Advanced Micro Devices Inc. continued its aggressive first-quarter rollout of new processors on Monday, unveiling its long-awaited Athlon XP 3000+ desktop chip.
The 32-bit chip, code-named Barton, is part of AMDs push to chip away at Intel Corp.s dominance. The 3000+, with a 333MHz front-side bus, 640KB of on-die cache memory—512KB of Level 2 cache and 128KB of L1 cache—and 2.1GHz of speed, is designed to compete with Intels Pentium 4 line.
The launch of the 3000+ follows the release of the 32-bit 2600+ server and workstation chip earlier this month and precedes the upcoming rollout of the Sunnyvale, Calif., companys 64-bit Hammer architecture. The first release of that will be with the April 22 rollout of the Opteron server chip, followed by the release in September of Athlon 64—code-named Clawhammer. Originally scheduled for release late last year, Athlon 64 was then set for release in the first quarter this year. However, some technical problems and the launch of the 3000+ and the upcoming 3200+ in the middle of 2003 convinced AMD officials to delay the Athlon 64 chip until the fall.
The Barton chip—which was built using the 0.13-micron process and will sell for $588 in 1,000-unit quantities—itself initially was scheduled for release last year, but it too was delayed. AMD has given no reason for the delay.
The 3000+ keeps with the companys mantra of making things easier for OEMs and users of AMD-based systems. For example, Opteron, designed to compete with Intels 64-bit Itanium chips, is backward-compatible, allowing it to run 32-bit or 64-bit applications. Itanium, an entirely different architecture than Intels 32-bit Xeon chips, features limited compatibility.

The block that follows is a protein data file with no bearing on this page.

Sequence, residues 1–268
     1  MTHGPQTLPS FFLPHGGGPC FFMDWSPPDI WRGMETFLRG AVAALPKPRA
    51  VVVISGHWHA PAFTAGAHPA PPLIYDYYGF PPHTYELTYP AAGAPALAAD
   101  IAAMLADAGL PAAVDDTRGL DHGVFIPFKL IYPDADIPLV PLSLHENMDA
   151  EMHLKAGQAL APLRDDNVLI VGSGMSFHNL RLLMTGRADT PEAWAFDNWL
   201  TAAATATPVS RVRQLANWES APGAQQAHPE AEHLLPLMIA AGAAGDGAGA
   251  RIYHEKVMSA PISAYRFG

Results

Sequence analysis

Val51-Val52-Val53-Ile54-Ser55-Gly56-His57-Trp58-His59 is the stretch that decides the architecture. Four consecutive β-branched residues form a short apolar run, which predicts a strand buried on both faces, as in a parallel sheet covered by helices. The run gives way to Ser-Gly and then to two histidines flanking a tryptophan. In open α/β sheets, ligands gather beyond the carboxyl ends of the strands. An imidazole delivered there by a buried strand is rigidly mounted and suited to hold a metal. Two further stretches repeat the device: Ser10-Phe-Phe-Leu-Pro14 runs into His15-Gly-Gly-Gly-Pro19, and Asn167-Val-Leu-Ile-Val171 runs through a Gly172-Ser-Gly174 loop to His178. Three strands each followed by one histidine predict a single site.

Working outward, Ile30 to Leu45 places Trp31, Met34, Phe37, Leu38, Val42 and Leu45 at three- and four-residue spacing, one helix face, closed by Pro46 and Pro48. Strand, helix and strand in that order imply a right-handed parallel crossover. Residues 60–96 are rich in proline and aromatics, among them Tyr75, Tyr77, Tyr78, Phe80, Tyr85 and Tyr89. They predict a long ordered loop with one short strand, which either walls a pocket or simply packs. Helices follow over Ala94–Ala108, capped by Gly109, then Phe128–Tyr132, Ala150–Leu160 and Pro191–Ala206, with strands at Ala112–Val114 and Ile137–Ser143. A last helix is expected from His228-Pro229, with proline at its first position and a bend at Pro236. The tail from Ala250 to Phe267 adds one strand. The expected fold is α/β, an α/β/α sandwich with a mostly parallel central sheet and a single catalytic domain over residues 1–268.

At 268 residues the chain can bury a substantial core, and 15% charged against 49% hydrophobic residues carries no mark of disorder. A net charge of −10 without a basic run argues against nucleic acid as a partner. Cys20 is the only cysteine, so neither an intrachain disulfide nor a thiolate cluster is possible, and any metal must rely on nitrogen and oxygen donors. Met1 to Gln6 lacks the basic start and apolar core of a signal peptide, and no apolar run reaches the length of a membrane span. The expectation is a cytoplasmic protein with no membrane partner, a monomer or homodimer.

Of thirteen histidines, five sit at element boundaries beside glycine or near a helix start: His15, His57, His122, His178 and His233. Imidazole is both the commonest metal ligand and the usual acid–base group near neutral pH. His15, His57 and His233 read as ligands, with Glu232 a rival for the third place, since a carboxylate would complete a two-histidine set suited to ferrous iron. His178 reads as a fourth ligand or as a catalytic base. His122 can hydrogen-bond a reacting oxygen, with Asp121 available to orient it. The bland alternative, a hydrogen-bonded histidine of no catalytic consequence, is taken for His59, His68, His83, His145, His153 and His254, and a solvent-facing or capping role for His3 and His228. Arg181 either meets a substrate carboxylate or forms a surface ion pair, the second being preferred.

"The key thing [about the 3000+] for commercial enterprises is the Socket A infrastructure," said Mark Bode, senior brand manager and launch manager for desktop devices.
The 3000+ fits into the same space—the 462-pin Socket A infrastructure—as current Athlon XP chips. That means that enterprises dont have to change their systems to get the 3000+s increased performance; the chip simply can be swapped in with current Athlon XP chips, enabling users to keep the systems theyve already invested in, Bode said.
As part of the rollout, AMD also launched a new "family logo" design that AMD officials said will better differentiate the companys various brands, such as Athlon XP, Opteron and Athlon 64.